Why did many of the leaders of the Church of England oppose Methodism? This is a question raised recently in another place. A full answer requires more than a few blog posts, but I did find John Wesley’s letter the Bishop of London, written in 1747, an interesting source of information about this historical question.
In the letter, Wesley reprints the accusation raised by the bishop in a recent address:
Your Lordship begins, “There is another species of enemies, who give shameful disturbance to the parochial Clergy, and use very unwarrantable methods to prejudice their people against them, and to seduce their flocks from them; the Methodists and the Moravians, who agree in annoying the established ministry, and in drawing over to themselves the lowest and most ignorant of the people, by pretences to greater sanctity.”
A couple paragraphs later, Wesley quotes the bishop farther:
Your Lordship adds, “Their innovations in points of discipline I do not intend to enter into at present. But to inquire what the doctrines are which they spread. … Doctrines big with pernicious influences upon practice.”
So, here we see, it is the doctrines and practices of the Methodists that are seen as the root of all their evil. They poison the people against the clergy and lure them away, so the bishop charges, from attending worship and taking the sacraments. As we see elsewhere in the letter, the Methodists also encourage their people to — in the eyes of the elites — to forget their place in the class system of England.
Several of the charges about doctrine leveled by the bishop, Wesley denies. The bishop attributes to Methodists doctrines that Wesley says he never taught and, in many cases, actively opposed. In the course of doing so, Wesley recounts his teaching on what we would call the “open table.” Perhaps in a later post, I will delve into that discussion.
After this exchange, Wesley return to the question of worship attendance. The bishop had accused Methodists of disparaging worship and keeping people from attending the services. (Note: The complaint is not that Methodists flooded the church with dirty newcomers but that they kept people out of church.)
Wesley admits — and cites his own story — that Methodists teach that worship attendance alone does not make a person love God. It is only “the preaching remission of sins through Jesus Christ” that does that.
And he writes that far from keeping people out of church, those who attend Methodist preaching attend church and communion more regularly than they did before they heard the Methodists preach.
Wesley then summarizes the warnings the bishop issues his clergy, the steps they should take to protect their flocks from the depredations of the Methodists:
- teach the people that the church liturgy is a service of most importance
- show people that they must not neglect their secular work or duties
- perform their own duties as clergy with diligence and timeliness
- live their own lives in ways that will raise the esteem of the clergy in the eyes of the people
The concern of the bishop appears to be that Methodists somehow undermine the ministry of the parish clergy and bring them into reproach by their own example and efforts.
Clearly, part of this reproach is because some of the parish clergy seem unconcerned with or overwhelmed by those who do not darken the door of the church. Near the end of the letter, Wesley appeals to the bishop to explain what he would have done in such cases.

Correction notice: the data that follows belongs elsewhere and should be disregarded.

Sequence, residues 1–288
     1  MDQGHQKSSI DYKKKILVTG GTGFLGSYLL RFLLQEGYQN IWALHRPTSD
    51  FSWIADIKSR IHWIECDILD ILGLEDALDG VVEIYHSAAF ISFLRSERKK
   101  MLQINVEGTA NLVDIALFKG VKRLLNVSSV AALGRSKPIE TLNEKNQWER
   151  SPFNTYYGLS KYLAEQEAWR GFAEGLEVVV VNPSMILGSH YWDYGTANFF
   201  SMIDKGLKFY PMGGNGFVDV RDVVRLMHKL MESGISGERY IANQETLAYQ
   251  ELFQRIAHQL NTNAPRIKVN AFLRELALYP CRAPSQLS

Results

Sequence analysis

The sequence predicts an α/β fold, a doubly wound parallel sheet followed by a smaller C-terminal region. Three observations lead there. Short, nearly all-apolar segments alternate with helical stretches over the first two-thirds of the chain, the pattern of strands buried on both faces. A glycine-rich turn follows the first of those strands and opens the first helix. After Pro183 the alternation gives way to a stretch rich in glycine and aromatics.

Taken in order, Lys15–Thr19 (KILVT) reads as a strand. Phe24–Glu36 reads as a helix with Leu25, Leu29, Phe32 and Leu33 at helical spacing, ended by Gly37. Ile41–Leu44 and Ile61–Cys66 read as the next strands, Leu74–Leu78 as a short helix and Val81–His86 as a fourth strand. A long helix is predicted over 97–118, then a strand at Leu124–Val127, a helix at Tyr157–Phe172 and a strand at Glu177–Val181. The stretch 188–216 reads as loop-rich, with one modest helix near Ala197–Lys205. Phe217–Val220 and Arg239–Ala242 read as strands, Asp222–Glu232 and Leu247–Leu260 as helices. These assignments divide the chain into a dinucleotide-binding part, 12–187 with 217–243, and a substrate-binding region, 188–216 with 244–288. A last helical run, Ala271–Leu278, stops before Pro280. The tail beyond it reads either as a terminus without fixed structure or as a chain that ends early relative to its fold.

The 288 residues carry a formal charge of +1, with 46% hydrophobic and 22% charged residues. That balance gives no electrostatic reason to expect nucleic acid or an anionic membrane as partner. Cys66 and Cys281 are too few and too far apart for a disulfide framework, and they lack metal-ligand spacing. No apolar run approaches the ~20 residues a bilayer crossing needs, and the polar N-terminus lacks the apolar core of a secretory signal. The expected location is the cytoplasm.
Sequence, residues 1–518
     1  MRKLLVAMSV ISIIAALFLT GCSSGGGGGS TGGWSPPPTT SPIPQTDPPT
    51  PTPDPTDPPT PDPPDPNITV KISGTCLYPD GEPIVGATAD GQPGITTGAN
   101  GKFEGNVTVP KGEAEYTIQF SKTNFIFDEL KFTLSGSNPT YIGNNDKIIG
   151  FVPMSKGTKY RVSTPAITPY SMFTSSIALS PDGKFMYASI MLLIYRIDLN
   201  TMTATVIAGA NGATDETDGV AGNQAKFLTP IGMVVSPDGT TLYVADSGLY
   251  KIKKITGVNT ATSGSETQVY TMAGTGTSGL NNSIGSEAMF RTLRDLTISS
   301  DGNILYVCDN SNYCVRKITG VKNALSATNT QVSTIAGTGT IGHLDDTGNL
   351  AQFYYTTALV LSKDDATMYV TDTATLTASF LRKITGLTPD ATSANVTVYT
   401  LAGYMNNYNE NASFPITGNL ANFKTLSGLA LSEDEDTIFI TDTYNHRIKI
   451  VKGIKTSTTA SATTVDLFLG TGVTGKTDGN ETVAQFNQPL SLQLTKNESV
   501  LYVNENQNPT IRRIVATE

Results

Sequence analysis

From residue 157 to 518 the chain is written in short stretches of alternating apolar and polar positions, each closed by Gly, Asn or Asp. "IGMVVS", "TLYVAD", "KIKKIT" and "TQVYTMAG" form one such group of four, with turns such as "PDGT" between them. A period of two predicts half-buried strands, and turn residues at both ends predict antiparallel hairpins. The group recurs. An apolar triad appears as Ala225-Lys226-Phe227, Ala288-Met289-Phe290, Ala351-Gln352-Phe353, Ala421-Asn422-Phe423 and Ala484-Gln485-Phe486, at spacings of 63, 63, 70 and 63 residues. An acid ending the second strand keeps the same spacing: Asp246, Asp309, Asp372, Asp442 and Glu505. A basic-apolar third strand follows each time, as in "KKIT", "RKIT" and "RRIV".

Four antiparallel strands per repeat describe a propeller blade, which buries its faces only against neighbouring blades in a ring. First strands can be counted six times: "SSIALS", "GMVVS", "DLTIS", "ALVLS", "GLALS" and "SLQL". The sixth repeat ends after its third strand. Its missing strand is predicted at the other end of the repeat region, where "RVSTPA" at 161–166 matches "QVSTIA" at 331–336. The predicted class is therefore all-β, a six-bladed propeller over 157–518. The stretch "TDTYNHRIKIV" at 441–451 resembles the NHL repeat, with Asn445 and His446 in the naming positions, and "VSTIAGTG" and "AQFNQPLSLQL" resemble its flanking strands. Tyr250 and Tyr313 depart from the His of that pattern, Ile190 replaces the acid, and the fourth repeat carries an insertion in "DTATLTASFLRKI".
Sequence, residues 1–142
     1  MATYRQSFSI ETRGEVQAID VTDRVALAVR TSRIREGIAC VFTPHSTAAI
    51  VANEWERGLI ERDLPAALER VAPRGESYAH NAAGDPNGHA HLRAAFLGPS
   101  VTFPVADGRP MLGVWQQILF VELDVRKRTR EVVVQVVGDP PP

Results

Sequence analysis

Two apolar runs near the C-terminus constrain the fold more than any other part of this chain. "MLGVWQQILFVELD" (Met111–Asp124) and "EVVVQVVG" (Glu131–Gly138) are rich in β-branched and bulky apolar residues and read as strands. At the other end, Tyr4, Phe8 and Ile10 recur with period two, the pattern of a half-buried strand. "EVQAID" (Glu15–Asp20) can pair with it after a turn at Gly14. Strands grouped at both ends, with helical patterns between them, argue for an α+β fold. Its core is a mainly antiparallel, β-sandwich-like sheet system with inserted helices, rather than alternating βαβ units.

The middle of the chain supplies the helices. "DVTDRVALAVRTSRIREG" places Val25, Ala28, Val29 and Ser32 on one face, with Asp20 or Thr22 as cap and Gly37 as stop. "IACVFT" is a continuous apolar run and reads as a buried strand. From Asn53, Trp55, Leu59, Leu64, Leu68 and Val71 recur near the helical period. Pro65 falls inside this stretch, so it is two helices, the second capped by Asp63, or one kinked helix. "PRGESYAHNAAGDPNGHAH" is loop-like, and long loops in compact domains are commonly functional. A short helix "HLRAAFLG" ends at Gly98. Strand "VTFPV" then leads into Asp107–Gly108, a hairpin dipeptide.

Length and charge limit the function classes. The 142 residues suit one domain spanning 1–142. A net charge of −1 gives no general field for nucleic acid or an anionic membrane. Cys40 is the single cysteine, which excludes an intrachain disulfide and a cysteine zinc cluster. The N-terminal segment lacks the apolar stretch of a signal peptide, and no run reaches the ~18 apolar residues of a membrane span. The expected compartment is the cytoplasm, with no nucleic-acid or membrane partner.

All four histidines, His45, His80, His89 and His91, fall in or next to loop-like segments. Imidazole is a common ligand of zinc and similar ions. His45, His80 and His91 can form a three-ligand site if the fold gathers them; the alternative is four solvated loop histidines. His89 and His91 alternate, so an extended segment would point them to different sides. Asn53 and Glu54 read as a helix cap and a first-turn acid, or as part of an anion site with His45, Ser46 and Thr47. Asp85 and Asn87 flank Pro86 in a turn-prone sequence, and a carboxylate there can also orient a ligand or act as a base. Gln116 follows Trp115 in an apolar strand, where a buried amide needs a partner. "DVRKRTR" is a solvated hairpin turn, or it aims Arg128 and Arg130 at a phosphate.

I would fain set this point in a clearer light. Here are, in and near Moorfields, ten thousand poor souls for whom Christ died, rushing headlong into hell. Is Dr. Bulkely, the parochial Minister, both willing and able to stop them? If so, let it be done, and I have no place in these parts. I go and call other sinners to repentance. But if, after all he has done, and all he can do, they are still in the broad way to destruction, let me see if God will put a word even in my mouth. True, I am a poor worm that of myself can do nothing. but if God sends by whomsoever he will send, his word shall not return empty. … Is this any annoyance to the parochial Minister? Then what manner of spirit is he of?
And he continues:
What have been the consequences … of the doctrines I have preached for nine years last past? … The habitual drunkard that was, is now temperate in all things; the whoremonger now flees fornication; he that stole, steals no more, but works with his hands; he that cursed or swore, perhaps at every sentence, has now learned to serve the Lord with fear, and rejoice unto him with reverence; those formerly enslaved to various habits of sin are now brought to uniform habits of holiness. These are demonstrable facts; I can name the men, with their places of abode. …
My Lord, can you deny these facts? I will make whatever proof of them you shall require. But if the facts be allowed, who can deny the doctrines to be, in substance, the gospel of Christ?
I quote this letter at such length, because I want to do justice to Wesley. The tempest that arose in response to Methodism surely had many causes, and I do not want to pretend that the Methodists were somehow not the cause of any of the troubles. But if we would use the experiences of those early Methodists as lessons and examples, it seems to me that we must take the greatest care that we understand their suffering and its causes.
It does not do justice to their memories to have the men and women, who suffered beatings and mud-slinging and the loss of property for the sake of the Gospel, be used by us as straw-stuffed effigies for our own agendas.